Grief usually results from a loss, such as the death of a loved one, end of a relationship or loss of a job. Grief is a personal experience and everyone has the right to grieve in their own way. A loss that may seem minor to one person may cause a lot of grief to someone else. Grief is influenced by one's personality and any previous losses, the nature of the loss causing grief as well as support received during the grieving process.
People are sometimes expected to grief in a certain way, such as by crying at the funeral or talking about what has happened. Forms of grief are, however, individual and not all people are able or willing to express their feelings when other people are present. Some may process their grief by means of action. Some may still be paralysed and in shock, while others may also be processing what has happened. Rigid conceptions of how to grieve may cause anxiety. In the worst case, the person who suffered a loss may forget that they also have the right to enjoy what's good in life. A person in mourning is processing the events because of themselves, not because of other people.
Grief is blended with many kinds of emotions: immeasurable longing, a will to deny what happened, feelings of being abandoned, insecurity, insignificance, anxiety, guilt and even anger. Also the body may react to grief: you may have headaches and stomach problems, memory lapses, fatigue, muscle stiffness and symptoms of panic attack, for example. Even hallucinations are possible in grief resulting from traumatic crises. You may, for example, think that you hear the voice of the dead person somewhere.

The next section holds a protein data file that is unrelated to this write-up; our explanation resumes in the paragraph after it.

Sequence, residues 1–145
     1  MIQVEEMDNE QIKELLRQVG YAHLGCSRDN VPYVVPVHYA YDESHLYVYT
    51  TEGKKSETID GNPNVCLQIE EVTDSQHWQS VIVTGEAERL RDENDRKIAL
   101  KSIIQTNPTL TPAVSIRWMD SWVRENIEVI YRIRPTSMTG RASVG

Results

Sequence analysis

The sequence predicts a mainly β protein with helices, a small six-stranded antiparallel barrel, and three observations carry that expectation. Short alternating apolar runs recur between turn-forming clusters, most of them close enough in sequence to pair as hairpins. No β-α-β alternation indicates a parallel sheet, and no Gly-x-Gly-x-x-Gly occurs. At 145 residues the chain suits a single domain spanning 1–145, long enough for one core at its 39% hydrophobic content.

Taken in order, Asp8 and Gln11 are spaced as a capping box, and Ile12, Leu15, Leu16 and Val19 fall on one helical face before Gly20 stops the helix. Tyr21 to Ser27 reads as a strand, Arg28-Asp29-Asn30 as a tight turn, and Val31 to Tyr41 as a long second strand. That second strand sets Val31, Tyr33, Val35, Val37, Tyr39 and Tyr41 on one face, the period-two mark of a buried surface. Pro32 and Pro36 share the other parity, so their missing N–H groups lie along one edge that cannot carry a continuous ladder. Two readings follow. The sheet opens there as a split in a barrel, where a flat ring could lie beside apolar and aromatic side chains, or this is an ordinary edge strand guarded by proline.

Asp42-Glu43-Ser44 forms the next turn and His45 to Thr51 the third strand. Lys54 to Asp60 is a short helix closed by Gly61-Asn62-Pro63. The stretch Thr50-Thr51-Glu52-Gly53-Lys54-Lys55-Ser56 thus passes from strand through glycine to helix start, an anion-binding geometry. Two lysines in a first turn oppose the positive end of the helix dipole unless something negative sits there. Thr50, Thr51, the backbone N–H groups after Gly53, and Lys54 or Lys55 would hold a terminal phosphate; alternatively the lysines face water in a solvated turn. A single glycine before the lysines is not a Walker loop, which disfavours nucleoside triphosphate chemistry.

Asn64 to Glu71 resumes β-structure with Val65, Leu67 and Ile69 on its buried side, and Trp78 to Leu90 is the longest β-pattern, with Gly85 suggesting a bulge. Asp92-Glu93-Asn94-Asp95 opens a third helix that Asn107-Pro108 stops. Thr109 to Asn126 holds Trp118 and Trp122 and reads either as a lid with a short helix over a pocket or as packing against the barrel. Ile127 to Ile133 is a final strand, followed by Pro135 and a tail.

Sad thoughts and feelings often come in waves and some days are more difficult than others. Little by little, feelings usually start to even out and you learn to live with the loss. Grief may sometimes become prolonged or turn into depression. Outside help may be especially useful in such cases.
Methods of coping with grief
Below, various methods of coping are listed used by people who experience grief:
Getting information about what has happened and building the big picture
Some people process grief by getting information on what has happened. They try to build a realistic image of what happened as quickly as possible in order to understand it better. Building the big picture and sufficient information on the event help them structure their grief and the changed situation.
It is worth remembering that children should be given enough information about what has happened so that they don't have to use their imagination and guess what happened. Information should, however, be provided according to the developmental phase of the child.
Getting support from others